Note: Aside from meta-analyses and reviews, this paper summarizes only peer-reviewed studies that found that new models improved outcomes; it excludes “negative” studies. Thus, the evidence reported here should be construed primarily as preliminary findings, not as complete summaries of positive and negative studies of the models of care.
Below we summarize the models’ goals, target populations, operations, and evidence of effectiveness in improving quality of life and functional autonomy—as well as in reducing the use and cost of health services.
When appropriate, we note how these models incorporate community-based services.
Interdisciplinary Primary Care Models (Model A)
Each of these models (e.g., IMPACT, Guided Care, GRACE, PACE and others) strives to enhance chronically ill patients’ functional autonomy and quality of life. In each, comprehensive care is provided by interdisciplinary teams composed of a primary care physician and one or more other co-located health care professionals, such as nurses, social workers, nurse practitioners, or rehabilitation therapists, who communicate regularly with each other. Many of these models coordinate medical care with supportive services provided by community-based agencies.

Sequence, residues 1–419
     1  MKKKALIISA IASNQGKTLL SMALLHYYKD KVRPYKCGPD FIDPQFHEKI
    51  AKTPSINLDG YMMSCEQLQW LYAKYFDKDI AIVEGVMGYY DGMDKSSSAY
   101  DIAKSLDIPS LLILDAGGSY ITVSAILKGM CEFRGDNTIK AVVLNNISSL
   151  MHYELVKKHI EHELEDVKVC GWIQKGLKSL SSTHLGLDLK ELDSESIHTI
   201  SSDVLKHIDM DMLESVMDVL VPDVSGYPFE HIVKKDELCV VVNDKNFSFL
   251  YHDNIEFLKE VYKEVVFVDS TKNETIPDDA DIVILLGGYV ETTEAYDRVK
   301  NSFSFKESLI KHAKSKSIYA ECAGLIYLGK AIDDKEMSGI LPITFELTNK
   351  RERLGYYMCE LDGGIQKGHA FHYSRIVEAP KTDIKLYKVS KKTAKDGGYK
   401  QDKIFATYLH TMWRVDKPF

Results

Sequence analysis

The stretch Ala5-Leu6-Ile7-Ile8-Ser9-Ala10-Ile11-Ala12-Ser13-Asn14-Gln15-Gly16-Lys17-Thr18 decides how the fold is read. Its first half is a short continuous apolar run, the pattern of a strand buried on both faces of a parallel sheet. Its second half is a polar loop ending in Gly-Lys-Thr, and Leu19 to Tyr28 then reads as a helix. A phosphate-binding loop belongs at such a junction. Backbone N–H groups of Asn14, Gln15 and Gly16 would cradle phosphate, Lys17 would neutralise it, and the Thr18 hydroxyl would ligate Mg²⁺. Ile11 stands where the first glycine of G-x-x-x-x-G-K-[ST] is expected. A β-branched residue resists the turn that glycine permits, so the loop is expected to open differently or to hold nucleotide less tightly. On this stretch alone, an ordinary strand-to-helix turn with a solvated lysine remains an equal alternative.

A related, recently popularized model is the patient-centered medical home (PCMH), which targets all patients in a primary care practice, including those with and those without chronic conditions (Berenson et al., 2011). Using interdisciplinary teams and electronic information technology, medical homes provide:
• Empanelment—each patient is assigned to a primary care provider who is responsible for that patient’s care over time.
• Access—patients have access to health care 24/7/365 through same-day office visits and communication by telephone, email, and Internet.
• Diagnostic, therapeutic, and preventive services for addressing most of its patients’ needs for acute and chronic health care.
• Coordination of all providers of care, especially through transitions between sites of care.
• Support for patient self-management of their health-related conditions.
• Clinical decision making that incorporates patients’ goals, values, preferences, and culture.
• Periodic review of patient records to identify patients at high risk and those with gaps in their care.
• For high-risk patients, team-based comprehensive health assessment, evidence-based comprehensive care planning, proactive monitoring, transitional care, coordination of health care and community services, and support for family caregivers.